W3C home > Mailing lists > Public > public-html@w3.org > August 2008

Extensibility strategies, was: Deciding in public (Was: SVGWG SVG-in-HTML proposal)

From: Julian Reschke <julian.reschke@gmx.de>
Date: Sat, 02 Aug 2008 07:09:53 +0200
Message-ID: <4893EC21.4030408@gmx.de>
To: HTML WG <public-html@w3.org>
CC: Lachlan Hunt <lachlan.hunt@lachy.id.au>

Julian Reschke wrote:
> ...
> @data-* is only in HTML5, and the documentation makes it clear that it 
> has a different purpose. That being said, it has the same problem as 
> most of the other things you mentioned, the lack of a disambiguation 
> mechanism.
> ...

In the meantime, Lachlan Hunt wrote on the WHATWG IRC channel 

> # # [23:21] <Lachy> "And authors want to add metadata. Instead of forcing it into containers that haven't been designed for it (@title, @data-*), let them do it properly." -- http://lists.w3.org/Archives/Public/public-html/2008Aug/0023.html
> # # [23:21] <Lachy> I don't get what other way would be considered the proper way to embed metadata, beyond the mechanisms designed for adding metadata?!
> # # [23:23] <Lachy> if, as Julian claims, title and data-* weren't designed for adding some type of metadata, then I must be missing something. 


@title is metadata, but it's not designed for non-human-readable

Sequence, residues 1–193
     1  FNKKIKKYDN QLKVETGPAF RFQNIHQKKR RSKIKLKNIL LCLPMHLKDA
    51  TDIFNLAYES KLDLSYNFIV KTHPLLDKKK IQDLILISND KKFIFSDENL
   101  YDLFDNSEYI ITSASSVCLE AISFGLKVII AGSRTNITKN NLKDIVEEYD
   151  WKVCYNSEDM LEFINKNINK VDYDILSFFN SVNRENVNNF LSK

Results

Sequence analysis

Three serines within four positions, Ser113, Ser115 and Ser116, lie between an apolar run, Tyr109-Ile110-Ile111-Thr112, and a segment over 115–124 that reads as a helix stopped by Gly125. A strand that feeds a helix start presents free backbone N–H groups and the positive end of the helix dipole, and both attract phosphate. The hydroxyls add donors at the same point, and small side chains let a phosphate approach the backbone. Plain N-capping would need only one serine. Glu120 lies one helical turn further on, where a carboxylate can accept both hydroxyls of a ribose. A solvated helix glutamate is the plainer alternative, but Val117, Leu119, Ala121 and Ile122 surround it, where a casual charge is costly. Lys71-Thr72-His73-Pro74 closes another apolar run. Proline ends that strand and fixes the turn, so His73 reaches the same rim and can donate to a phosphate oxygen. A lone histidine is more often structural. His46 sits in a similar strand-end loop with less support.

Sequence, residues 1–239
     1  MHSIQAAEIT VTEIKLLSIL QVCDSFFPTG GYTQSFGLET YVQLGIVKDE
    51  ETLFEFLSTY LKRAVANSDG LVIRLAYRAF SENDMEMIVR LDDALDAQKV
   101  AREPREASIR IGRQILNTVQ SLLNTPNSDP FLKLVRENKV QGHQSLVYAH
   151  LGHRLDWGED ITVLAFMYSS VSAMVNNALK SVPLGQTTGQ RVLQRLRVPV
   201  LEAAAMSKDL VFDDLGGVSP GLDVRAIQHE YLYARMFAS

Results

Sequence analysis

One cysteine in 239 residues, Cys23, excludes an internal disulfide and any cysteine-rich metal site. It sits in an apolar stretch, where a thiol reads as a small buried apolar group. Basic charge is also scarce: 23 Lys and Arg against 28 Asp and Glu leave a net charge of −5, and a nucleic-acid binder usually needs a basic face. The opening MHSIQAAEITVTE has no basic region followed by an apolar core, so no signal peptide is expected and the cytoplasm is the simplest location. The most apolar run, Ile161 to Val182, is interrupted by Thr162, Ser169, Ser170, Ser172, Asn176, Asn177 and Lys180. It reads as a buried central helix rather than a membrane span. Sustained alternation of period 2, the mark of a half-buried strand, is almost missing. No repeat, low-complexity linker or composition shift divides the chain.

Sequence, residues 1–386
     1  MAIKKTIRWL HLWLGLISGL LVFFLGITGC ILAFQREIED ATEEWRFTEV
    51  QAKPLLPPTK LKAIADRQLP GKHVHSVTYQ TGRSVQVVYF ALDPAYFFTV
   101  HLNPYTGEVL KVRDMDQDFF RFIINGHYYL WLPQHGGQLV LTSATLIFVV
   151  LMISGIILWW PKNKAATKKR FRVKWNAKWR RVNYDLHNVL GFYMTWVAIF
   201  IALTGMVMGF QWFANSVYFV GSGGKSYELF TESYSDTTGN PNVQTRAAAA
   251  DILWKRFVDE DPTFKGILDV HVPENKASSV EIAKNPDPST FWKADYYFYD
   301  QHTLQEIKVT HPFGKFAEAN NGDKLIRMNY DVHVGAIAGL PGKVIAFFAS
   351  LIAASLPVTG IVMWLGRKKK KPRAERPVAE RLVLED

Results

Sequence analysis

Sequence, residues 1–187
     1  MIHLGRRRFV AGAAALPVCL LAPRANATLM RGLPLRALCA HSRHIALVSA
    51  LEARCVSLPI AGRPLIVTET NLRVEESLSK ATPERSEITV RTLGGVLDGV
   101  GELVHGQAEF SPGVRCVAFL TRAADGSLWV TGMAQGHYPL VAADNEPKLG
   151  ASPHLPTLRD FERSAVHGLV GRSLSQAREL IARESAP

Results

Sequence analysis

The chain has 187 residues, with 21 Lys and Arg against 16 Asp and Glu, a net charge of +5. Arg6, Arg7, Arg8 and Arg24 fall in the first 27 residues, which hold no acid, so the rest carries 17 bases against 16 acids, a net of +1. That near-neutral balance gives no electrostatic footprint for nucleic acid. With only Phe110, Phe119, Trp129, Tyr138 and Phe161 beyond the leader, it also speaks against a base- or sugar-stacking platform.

information (so using abbr/@title to provide a machine-readable data in 
microformats turned out to be a problem).

@data-* has been "designed" for providing additional data to scripts 
*within* the page, not for anything else:

"Custom data attributes are intended to store custom data private to the 
page or application, for which there are no more appropriate attributes 
or elements." -- <http://www.w3.org/html/wg/html5/#custom>

So if you use them for something else, such as providing semantic 
information to other applications (AT, crawlers, plugins...), you are 
abusing it, and follow the pattern I was complaining about in the first 
place (abusing existing elements to work around the lack of 
extensibility). Same for @title, btw.

BR, Julian
Received on Saturday, 2 August 2008 05:10:39 UTC

This archive was generated by hypermail 2.3.1 : Thursday, 29 October 2015 10:15:36 UTC